As usage of CBD and medical cannabis becomes more common, so is the danger of people self-medicating with little to no advice from doctors. When nurse Eloise Theisen realized that her patients were going to pursue cannabis whether guided by medical professionals or not, she decided to help them find answers and to better protect them.
While working as an oncology nurse, Theisen found that many of her patients frequently approached her about adding cannabis to their regimen of pharmaceutical-grade drugs. She knew that cannabis was rarely offered as a treatment option in traditional medicine, but her patients had questions. Often, they had read a lot about its possible benefits on the internet, but wanted someone like Theisen to help negotiate the use of cannabis as a medicine.
“A patient told me how she had asked her doctor if she could use medical cannabis for her nausea while undergoing chemotherapy,” Theisen recalls. “When the doctor said no, the patient started buying it off the streets instead.” Theisen realized then that people were going to use cannabis with or without a clinician’s consent. “I decided that patients needed safe access to cannabis that can safely be incorporated into their current regimen.”
Theisen is committed to changing the stigma around CBD in health care professionals. As the incoming president for the American Cannabis Nurses’ Association (ACNA), she's furthering the mission to educate and collaborate with other healthcare professionals. She is recognized as one of the first health care professionals to bring a clinical dosing regimen to cannabis.
Understanding What Your Body Needs
Theisen has seen a lot change the industry in the last five years since she began recommending CBD. At first, there was very little guidance on dosages or delivery systems. She worked with a cannabis company to make cannabis oils more measurable. She began collecting data on dosages and responses to those dosages, which she says is the most effective way to determine cannabis dosing. She continues to pay attention to dosing as a way to minimize potential side effects and maximize benefits. Now a nurse practitioner, she has treated over 5,500 patients using cannabis. Her average patient is 76, female, and has never consumed cannabis before. Most visit Theisen for help with pain, sleep issues, anxiety, or depression.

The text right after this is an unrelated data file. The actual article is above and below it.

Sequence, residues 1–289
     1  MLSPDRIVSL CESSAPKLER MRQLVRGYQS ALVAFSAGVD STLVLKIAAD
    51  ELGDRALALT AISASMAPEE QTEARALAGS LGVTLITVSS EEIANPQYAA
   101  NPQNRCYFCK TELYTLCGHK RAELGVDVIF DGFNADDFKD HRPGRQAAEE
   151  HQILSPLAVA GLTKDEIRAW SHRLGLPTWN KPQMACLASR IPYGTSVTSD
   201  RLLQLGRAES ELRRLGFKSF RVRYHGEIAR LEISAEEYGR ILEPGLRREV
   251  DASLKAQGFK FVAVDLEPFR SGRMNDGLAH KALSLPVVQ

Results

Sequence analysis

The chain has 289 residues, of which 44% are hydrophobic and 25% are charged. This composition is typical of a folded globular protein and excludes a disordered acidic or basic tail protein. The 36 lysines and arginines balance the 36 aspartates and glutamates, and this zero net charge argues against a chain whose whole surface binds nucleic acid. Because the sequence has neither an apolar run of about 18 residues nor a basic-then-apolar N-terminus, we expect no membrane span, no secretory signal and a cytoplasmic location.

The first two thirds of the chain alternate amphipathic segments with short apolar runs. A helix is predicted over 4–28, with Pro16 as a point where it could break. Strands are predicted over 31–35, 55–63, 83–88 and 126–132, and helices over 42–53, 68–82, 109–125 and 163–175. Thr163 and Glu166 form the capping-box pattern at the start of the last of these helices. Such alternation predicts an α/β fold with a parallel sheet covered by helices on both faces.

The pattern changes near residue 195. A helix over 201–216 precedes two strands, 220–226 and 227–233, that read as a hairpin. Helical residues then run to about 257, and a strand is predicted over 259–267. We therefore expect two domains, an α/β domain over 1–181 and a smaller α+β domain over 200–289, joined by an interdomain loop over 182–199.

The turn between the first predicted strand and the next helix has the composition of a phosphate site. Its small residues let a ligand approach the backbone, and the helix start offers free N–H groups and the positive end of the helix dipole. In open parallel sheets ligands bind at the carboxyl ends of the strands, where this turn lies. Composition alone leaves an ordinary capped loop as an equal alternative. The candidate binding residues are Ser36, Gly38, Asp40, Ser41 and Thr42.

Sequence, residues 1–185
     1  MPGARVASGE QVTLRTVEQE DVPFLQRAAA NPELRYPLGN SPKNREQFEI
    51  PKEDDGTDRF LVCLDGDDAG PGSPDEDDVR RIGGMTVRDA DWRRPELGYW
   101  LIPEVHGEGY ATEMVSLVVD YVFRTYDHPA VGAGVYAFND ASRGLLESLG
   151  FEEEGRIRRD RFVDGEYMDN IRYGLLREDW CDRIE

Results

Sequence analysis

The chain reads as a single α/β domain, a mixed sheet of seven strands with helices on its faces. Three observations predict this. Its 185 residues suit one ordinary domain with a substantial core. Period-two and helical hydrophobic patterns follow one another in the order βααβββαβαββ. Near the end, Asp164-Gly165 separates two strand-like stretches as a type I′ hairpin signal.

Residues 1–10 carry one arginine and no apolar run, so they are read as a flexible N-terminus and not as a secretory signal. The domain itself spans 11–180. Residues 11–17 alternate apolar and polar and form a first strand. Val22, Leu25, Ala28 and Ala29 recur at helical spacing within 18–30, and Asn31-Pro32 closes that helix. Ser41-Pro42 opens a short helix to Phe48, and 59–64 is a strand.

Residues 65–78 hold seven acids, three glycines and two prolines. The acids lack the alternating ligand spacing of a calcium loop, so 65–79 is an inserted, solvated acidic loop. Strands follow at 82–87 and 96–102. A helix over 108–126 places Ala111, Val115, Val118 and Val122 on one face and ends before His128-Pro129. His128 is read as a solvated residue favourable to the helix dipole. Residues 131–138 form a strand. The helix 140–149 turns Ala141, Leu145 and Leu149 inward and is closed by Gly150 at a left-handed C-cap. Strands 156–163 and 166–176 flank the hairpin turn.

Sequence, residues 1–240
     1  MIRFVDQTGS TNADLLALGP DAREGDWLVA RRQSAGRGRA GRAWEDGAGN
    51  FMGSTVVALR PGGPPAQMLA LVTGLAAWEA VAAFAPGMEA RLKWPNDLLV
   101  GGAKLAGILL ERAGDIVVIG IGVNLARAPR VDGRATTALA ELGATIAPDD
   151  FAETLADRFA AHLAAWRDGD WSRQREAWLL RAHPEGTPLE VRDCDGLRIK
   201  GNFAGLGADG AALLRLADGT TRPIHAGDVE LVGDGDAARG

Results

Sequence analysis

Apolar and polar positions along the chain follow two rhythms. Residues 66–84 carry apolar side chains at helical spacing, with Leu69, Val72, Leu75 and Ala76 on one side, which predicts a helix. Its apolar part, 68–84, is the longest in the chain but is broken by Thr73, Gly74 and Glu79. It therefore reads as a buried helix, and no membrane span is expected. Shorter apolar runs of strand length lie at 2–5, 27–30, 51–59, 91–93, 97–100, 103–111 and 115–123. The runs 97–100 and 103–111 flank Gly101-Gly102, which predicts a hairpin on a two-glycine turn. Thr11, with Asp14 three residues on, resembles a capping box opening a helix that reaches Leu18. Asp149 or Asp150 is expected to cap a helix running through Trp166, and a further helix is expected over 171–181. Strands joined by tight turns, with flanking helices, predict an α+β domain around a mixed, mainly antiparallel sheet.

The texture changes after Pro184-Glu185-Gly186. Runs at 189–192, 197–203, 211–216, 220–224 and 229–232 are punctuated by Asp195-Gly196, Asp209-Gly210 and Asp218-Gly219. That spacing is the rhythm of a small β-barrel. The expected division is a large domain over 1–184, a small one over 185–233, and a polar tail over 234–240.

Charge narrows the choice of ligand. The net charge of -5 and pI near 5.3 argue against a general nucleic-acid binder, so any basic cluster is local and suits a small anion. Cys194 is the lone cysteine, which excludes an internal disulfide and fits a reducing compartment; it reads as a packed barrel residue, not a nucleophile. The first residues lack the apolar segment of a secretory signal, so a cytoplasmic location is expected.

In her practice, Theisen considers many factors for determining the correct cannabinoid dose for each condition she sees. She takes a holistic approach to her patients, gathering information about not only height and weight, socio-economic status, but also medical history, current medications and supplements, cannabis history, alcohol intake, and diet and exercise. After a thorough health history, Theisen considers the results. She prefers to start low and slow. Because cannabis varies from person to person, some can take one dose a day and others may need a dose every four hours. “I like patients to be engaged in their care. It’s helpful when they record their experience. The more information a patient collects, the more it can inform me on how to guide their cannabis dose.”
Delivery systems are also highly individualized. An individual’s condition influences the route of administration. For example, someone suffering from extreme intermittent pain or anxiety will benefit from inhalation, Theisen has found, since it is fast, predictable and easy to control. Theisen says other methods, such as transdermal patches and nasal administration, are less commonly used but may create similar outcomes. “These absorb directly into the bloodstream, which decreases potential for drug-drug interactions and side effects.”
Theisen says the popularity of CBD in recent years proves a need for better monitoring. “For too long, health care professionals have been uninvolved in cannabis as a medicine,” she says. Patients’ use and knowledge of cannabis has far outpaced health care professionals’ knowledge and acceptance, resulting in self-medicating. With the right tools, we can improve outcomes, decrease side effects, and avoid reactions with other drugs.”
The How-Tos of Dosing CBD
The key concept with CBD dosage recommendations is that there is no one-size-fits-all. (You can learn more about types of CBD and dosages at Hello MD, also a retailer.) Because of our complex endocannabinoid system—which is not even fully understood yet—two people can have drastically different reactions to the same dosage. Users should discuss their unique situation with their doctor. Once you’re ready to determine the correct dose, this is the typical strategy for getting it right.
- Start with the lowest dose recommended on the product. Be on alert for any allergic reaction.
- Double the starting dose after the first month. During this phase, it should become apparent whether CBD is helpful or not.
- If results still aren’t optimal, spread the dose throughout the day.
- If there are still no noticeable changes, slowly increase the dose until it’s working.
- Throughout the process, keep a detailed journal of dosages and how they affect the body. As always discuss the results with a doctor.
Excerpted from CBD 101, a Prevention Special Report, on sale now.
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